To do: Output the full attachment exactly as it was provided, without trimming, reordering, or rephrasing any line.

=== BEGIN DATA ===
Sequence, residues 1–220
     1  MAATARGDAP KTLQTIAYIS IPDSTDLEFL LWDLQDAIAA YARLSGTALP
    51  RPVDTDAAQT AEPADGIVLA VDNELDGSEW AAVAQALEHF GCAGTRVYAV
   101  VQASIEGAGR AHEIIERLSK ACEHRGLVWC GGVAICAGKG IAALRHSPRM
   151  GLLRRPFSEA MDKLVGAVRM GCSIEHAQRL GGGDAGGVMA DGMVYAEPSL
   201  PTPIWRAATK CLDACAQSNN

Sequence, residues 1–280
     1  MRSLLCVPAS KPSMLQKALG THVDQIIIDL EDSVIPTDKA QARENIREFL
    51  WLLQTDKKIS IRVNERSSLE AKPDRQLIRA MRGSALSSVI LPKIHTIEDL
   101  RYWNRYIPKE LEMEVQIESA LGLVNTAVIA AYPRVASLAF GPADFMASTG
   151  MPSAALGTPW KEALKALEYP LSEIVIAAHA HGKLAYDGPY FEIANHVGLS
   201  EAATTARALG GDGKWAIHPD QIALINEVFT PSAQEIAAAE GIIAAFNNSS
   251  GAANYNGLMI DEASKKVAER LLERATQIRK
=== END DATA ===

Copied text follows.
Sequence, residues 1–220
     1  MAATARGDAP KTLQTIAYIS IPDSTDLEFL LWDLQDAIAA YARLSGTALP
    51  RPVDTDAAQT AEPADGIVLA VDNELDGSEW AAVAQALEHF GCAGTRVYAV
   101  VQASIEGAGR AHEIIERLSK ACEHRGLVWC GGVAICAGKG IAALRHSPRM
   151  GLLRRPFSEA MDKLVGAVRM GCSIEHAQRL GGGDAGGVMA DGMVYAEPSL
   201  PTPIWRAATK CLDACAQSNN

Sequence, residues 1–280
     1  MRSLLCVPAS KPSMLQKALG THVDQIIIDL EDSVIPTDKA QARENIREFL
    51  WLLQTDKKIS IRVNERSSLE AKPDRQLIRA MRGSALSSVI LPKIHTIEDL
   101  RYWNRYIPKE LEMEVQIESA LGLVNTAVIA AYPRVASLAF GPADFMASTG
   151  MPSAALGTPW KEALKALEYP LSEIVIAAHA HGKLAYDGPY FEIANHVGLS
   201  EAATTARALG GDGKWAIHPD QIALINEVFT PSAQEIAAAE GIIAAFNNSS
   251  GAANYNGLMI DEASKKVAER LLERATQIRK